7th December 2017
Christmas is coming to Sportspages…with our new Christmas Catalogue, part two The second part of our Christmas catalogue is out now, packed with over 40 fantastic and often rare items of sports memorabilia. You can have a look at it by clicking here and on our Catalogues page along with all our other catalogues there. Many of the […] More…
17th November 2017
What cricket score can be equalled but never beaten? Your first Christmas teaser that can be answered from an item of sports memorabilia in our Christmas catalogue… An edition of the Bulletin of the Military Historical Society for May 1973 (SKU 63262) explains all. On page 119 is an account of an extraordinary cricket match […] More…
8th June 2017
Is politics a logical next step after a successful career in sports? Former athletes, Lord Coe, Sir Menzies Campbell, Sir Chris Chataway and Kate Hoey have certainly all achieved. We looked at the careers of three exceptional, past cricketers too to gauge potential success. Results were mixed! It’s almost an insult to classify CB Fry as ‘just’ a […] More…
6th April 2017
Martin Sheridan’s obituary in the New York Times described him as ‘one of the greatest athletes the United States has ever known’. Martin Sheridan was actually born and brought up in County Mayo, Ireland. The USA was very quick – and sensible – to claim him as one of their own, soon after he stepped […] More…
16th March 2017
John Wisden founded the most iconic cricket annual in 1864: the Wisden Cricketers’ Almanack. Its publication is eagerly awaited every year. Steeped in Wisdens as we are, we thought we’d take a closer look at the man himself. John Wisden was born in Brighton in 1826. His father died when he was a boy and Wisden […] More…
16th February 2017
8th December 2016
Sportspages Christmas Catalogue, part 2 Sportspages Christmas Catalogue, part 2 has arrived…And hot on its heels will be Christmas itself! It’s a great chance to buy something really special for a sports lover. Alternatively you can cleverly point one of your friends and relations at something you would particularly like yourself. Have a look at […] More…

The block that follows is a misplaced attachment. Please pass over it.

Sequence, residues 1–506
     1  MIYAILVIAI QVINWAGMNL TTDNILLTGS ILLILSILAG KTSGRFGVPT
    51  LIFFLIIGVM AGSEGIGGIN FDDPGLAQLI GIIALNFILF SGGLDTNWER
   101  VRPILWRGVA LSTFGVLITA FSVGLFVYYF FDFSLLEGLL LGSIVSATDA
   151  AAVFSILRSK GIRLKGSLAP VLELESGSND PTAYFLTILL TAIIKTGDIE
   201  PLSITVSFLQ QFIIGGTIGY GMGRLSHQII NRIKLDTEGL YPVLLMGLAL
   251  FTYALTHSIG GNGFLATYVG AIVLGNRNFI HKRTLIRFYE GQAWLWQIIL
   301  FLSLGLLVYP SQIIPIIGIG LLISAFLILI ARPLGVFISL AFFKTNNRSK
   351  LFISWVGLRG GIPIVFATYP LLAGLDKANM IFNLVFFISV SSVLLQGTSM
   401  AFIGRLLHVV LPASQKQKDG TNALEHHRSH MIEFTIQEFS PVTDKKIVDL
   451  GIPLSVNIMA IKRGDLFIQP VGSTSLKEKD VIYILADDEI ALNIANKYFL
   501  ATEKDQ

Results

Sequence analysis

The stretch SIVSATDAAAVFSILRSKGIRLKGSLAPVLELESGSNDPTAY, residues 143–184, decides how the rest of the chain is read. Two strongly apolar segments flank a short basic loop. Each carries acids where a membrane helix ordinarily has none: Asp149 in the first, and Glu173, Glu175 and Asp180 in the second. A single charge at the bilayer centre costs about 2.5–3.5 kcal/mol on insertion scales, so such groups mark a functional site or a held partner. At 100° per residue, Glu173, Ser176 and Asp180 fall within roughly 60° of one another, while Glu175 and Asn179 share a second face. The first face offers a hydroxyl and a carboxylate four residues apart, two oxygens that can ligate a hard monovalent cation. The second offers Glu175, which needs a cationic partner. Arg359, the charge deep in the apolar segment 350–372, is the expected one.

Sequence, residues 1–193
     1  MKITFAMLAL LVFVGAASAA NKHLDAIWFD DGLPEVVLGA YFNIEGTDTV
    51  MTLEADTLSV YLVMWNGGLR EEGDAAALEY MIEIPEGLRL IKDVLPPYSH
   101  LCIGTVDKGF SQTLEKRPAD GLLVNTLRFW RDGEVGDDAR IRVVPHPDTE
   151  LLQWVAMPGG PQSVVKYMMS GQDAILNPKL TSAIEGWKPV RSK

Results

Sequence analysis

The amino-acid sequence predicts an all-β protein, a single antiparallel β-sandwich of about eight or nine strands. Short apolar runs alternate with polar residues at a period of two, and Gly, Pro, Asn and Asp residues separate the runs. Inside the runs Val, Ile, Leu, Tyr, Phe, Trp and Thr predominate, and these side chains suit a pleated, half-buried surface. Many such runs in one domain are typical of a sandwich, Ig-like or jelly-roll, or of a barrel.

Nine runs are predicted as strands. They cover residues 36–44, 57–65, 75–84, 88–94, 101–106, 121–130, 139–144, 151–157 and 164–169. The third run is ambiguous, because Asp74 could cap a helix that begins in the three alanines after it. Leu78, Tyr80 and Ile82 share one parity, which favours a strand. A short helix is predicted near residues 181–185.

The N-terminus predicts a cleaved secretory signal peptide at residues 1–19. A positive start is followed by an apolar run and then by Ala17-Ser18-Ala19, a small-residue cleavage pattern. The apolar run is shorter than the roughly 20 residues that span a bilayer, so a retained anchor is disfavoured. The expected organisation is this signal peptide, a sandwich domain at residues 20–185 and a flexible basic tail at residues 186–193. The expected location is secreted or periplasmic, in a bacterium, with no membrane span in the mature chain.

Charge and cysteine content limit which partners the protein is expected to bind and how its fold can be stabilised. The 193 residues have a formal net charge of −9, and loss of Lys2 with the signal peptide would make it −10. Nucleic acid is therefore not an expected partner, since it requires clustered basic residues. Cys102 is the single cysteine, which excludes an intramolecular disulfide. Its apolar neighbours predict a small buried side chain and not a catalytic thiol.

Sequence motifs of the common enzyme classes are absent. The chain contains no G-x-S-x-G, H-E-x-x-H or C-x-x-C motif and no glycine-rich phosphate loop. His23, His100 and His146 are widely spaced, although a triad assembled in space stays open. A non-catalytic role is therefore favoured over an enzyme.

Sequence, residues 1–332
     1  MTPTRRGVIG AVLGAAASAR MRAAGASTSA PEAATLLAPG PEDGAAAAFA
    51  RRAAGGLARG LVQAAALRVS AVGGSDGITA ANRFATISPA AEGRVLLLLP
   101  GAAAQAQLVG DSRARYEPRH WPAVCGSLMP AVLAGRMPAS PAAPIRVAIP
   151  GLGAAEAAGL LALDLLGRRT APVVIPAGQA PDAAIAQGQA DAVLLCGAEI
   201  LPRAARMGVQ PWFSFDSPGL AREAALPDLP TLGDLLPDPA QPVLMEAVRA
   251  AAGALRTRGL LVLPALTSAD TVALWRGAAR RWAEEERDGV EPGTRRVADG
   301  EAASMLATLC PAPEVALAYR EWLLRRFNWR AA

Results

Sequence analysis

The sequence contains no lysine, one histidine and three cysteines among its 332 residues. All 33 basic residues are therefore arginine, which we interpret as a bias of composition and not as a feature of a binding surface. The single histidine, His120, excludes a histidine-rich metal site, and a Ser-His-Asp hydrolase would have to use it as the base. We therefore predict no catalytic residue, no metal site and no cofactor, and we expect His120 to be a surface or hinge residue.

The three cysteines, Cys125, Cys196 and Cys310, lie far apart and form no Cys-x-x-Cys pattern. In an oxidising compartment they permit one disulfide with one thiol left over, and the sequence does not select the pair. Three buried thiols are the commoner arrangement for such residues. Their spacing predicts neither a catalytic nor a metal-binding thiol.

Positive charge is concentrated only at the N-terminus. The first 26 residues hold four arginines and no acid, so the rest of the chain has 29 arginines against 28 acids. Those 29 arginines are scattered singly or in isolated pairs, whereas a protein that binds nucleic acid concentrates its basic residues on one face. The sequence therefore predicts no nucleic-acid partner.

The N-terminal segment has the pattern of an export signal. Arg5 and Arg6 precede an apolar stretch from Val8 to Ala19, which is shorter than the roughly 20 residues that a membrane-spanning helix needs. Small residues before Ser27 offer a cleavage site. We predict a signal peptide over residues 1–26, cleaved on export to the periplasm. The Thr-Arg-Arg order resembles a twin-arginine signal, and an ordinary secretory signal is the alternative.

30th November 2016
29th September 2016
Arnold Palmer was rightfully crowned the ‘King’ of golf for his huge contribution to glamourising and popularising the sport throughout his career. He won 7 Major titles and had 62 PGA Tour wins and he was the first golf player to make $1 million dollars from the sport. He was a true champion and showman: a perfect […] More…
31st August 2016
Cricket records were smashed yesterday at Trent Bridge. England’s 444-3 against Pakistan.was the highest ever ODI team total. Alex Hales achieved his record-breaking ODI score of 171 at his home ground. Joss Buttler hit England’s fastest ODI 50 (off 22 balls). Although the game seemed to go all England’s way, Pakistan’s Mohammad Amir broke an impressive […] More…
8th June 2017
Is politics a logical next step after a successful career in sports? Former athletes, Lord Coe, Sir Menzies Campbell, Sir Chris Chataway and Kate Hoey have certainly all achieved. We looked at the careers of three exceptional, past cricketers too to gauge potential success. Results were mixed!
It’s almost an insult to classify CB Fry as ‘just’ a cricketer. He was one of the most consummate all-round sportsmen Britain has ever produced. A brilliant scholar too, he won 12 blues in different sports at Oxford and earned the nicknames, ‘Almighty’ and ‘Lord Oxford’. He was a talented golfer, rugby player, swimmer, tennis player, javelin thrower, sculler and boxer. He played football for Southampton too.